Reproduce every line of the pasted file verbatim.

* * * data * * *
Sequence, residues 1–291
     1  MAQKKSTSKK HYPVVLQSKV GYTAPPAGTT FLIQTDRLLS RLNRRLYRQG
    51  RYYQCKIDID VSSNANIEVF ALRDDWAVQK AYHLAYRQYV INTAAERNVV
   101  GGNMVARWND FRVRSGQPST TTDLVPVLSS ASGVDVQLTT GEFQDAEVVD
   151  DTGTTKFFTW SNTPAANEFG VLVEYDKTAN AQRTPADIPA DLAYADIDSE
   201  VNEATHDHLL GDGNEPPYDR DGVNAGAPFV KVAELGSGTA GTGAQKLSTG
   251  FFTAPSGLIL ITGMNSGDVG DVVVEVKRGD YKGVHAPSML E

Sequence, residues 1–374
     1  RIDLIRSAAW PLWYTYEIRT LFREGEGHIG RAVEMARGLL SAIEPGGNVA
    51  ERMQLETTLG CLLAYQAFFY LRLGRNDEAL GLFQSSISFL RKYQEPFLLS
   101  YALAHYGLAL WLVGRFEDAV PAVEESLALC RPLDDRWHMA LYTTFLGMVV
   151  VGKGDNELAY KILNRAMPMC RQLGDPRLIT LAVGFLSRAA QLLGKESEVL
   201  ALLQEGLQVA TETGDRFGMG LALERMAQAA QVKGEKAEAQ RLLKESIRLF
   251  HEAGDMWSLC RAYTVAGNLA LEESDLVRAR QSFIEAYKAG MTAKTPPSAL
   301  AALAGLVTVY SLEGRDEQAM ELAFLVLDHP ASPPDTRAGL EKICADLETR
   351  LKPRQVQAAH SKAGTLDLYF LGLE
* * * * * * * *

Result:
Sequence, residues 1–291
     1  MAQKKSTSKK HYPVVLQSKV GYTAPPAGTT FLIQTDRLLS RLNRRLYRQG
    51  RYYQCKIDID VSSNANIEVF ALRDDWAVQK AYHLAYRQYV INTAAERNVV
   101  GGNMVARWND FRVRSGQPST TTDLVPVLSS ASGVDVQLTT GEFQDAEVVD
   151  DTGTTKFFTW SNTPAANEFG VLVEYDKTAN AQRTPADIPA DLAYADIDSE
   201  VNEATHDHLL GDGNEPPYDR DGVNAGAPFV KVAELGSGTA GTGAQKLSTG
   251  FFTAPSGLIL ITGMNSGDVG DVVVEVKRGD YKGVHAPSML E

Sequence, residues 1–374
     1  RIDLIRSAAW PLWYTYEIRT LFREGEGHIG RAVEMARGLL SAIEPGGNVA
    51  ERMQLETTLG CLLAYQAFFY LRLGRNDEAL GLFQSSISFL RKYQEPFLLS
   101  YALAHYGLAL WLVGRFEDAV PAVEESLALC RPLDDRWHMA LYTTFLGMVV
   151  VGKGDNELAY KILNRAMPMC RQLGDPRLIT LAVGFLSRAA QLLGKESEVL
   201  ALLQEGLQVA TETGDRFGMG LALERMAQAA QVKGEKAEAQ RLLKESIRLF
   251  HEAGDMWSLC RAYTVAGNLA LEESDLVRAR QSFIEAYKAG MTAKTPPSAL
   301  AALAGLVTVY SLEGRDEQAM ELAFLVLDHP ASPPDTRAGL EKICADLETR
   351  LKPRQVQAAH SKAGTLDLYF LGLE